“I regard monks and poets as the best degenerates in America. Both have a finely developed sense of the sacred potential in all things; both value image and symbol over utilitarian purpose or the bottom line; they recognize the transformative power hiding in the simplest things, and it leads them to commit absurd acts: the poem! the prayer! what nonsense! In a culture that excels at creating artificial, tightly controlled environments (shopping malls, amusement parks, chain motels), the art of monks and poets is useless, if not irresponsible, remaining out of commercial manipulation and ideological justification.”
The writing gene first emerged in about the fifth grade. It seemed easy and fun to get a rise out of Mrs. Meyer by writing outlandish short stories with “depth” and hilarity like “Attack of the Alligator People,” probably inspired by too much time watching Commander USA’s Groovy Movies. Unmotivated toward success and un-nurtured, I didn’t press the fun of writing. My creativity problem in school just manifested itself in a smart mouth and pranks on the “Valley Girls” and other people I liked.
I listened to music, the great comforter, and simply soaked up what would be only influences outside of Miss Nook and my Granddad Johnston.
I didn’t realize that all that Zeppelin was poetry flanked by guitars. Not until my third year of college, about a year and a half after I transitioned away from writing comedy to poetry, did I understand it fully. The best stuff I had written was very pissed off. Emotion, that delightful antagonist. Anything contrived sounded contrived. Anything angry seemed to have value. A Victorian literature course taught by Gervase Hittle helped me to connect Robert Browning and Samuel Taylor Coleridge to Bob Dylan and Axl Rose.
I began to write profusely and quit changing my major. I stuck with English, finally. I attended poetry readings and released my demons. But you don’t graduate from college and have a rosy cheeked fellow sit across from you and say, “You know, I could really use a good poet like you. Why don’t you start on Monday.”
You have to sort a real job until your lack of utilitarian purpose finds an audience or you crash and burn.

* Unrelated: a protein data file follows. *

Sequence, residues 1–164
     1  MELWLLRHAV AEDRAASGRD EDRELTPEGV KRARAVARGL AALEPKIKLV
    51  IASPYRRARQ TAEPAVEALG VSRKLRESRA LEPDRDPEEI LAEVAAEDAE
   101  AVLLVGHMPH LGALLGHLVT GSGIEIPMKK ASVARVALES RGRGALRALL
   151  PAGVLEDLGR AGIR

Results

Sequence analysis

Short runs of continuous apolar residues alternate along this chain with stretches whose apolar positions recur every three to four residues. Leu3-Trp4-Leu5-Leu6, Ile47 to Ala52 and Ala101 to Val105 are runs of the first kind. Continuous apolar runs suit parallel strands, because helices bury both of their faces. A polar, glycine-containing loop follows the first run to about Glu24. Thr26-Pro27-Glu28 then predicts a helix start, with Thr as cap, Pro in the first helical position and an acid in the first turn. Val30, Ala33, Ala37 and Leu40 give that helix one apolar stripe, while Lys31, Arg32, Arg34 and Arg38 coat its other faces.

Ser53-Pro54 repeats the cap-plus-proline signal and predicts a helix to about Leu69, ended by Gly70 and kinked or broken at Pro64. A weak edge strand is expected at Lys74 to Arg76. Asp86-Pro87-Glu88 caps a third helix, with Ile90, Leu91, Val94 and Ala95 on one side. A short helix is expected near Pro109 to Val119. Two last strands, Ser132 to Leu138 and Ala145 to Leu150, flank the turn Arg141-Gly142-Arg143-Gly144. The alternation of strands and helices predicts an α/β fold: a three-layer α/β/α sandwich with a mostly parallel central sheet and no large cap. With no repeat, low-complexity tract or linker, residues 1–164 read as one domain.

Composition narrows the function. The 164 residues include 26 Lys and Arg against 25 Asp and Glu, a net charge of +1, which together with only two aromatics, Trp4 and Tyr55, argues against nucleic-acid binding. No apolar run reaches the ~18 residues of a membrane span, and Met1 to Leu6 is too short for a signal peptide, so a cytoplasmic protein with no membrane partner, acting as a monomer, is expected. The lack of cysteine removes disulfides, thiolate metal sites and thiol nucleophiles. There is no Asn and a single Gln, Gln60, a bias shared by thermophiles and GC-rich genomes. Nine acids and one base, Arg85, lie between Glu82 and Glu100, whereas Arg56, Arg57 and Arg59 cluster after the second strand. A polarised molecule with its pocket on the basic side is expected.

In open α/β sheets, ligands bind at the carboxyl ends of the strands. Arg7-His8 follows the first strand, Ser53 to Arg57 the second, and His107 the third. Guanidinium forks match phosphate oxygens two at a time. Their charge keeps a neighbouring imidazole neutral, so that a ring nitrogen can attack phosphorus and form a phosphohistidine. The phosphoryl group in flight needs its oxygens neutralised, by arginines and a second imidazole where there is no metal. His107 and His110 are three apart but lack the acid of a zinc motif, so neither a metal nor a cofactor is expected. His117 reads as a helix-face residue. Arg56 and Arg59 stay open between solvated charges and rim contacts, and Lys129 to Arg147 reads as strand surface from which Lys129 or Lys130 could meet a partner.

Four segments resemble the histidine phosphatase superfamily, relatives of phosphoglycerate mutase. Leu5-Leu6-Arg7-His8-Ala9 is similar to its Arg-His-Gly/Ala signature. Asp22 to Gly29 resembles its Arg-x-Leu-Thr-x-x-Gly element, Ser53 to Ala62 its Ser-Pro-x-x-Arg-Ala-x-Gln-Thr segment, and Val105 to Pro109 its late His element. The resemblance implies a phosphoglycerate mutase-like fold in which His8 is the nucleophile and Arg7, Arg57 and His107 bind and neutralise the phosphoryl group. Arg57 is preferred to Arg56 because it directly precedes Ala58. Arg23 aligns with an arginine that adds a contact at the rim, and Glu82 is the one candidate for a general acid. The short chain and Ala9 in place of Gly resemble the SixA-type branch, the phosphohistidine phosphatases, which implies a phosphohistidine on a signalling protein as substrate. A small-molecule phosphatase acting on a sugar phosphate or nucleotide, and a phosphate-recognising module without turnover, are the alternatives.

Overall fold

I can identify with the aforementioned quote from Kathleen Norris. We poets and monks live a life of folly. We see the world differently. Thank God. “The world doesn’t make sense,” said Pablo Picasso. “Why should I paint pictures that do?”
I “found God” in a ouija board in college. It’s not that I found him, exactly; it’s just that I realized a spirit world existed, freaked out and jumped on the good side. I then explored God, eventually becoming quite committed, having witnessed many amazing acts.
I’m no monk, but I like more about them than the beer they’re connected to. This weekend I asked myself, “What if we all went to six church services per day?” We’d either get very little done or find a significant shift in our priorities. One of the questions I pondered at the beginning of this project was, “Can one live as a monk in the world?”
Not literally. But can one maintain a deeper connection to the divine and still function in society? There are some committed Christians out there that are overbearing and useless, as well as a few that are downright backward. Can you function and be useful? I’m thinking that the answer is yes, but the path there is different for everybody. What was it that Flannery O’Connor said? “Most of us come to the church by a means that the church does not allow?”
“It is not too soon,” said Henry David Thoreau, “for an honest man to rebel.”
I’m convinced that we are all packed with sacred potential, so go out there and carve yourself a path. God might be there.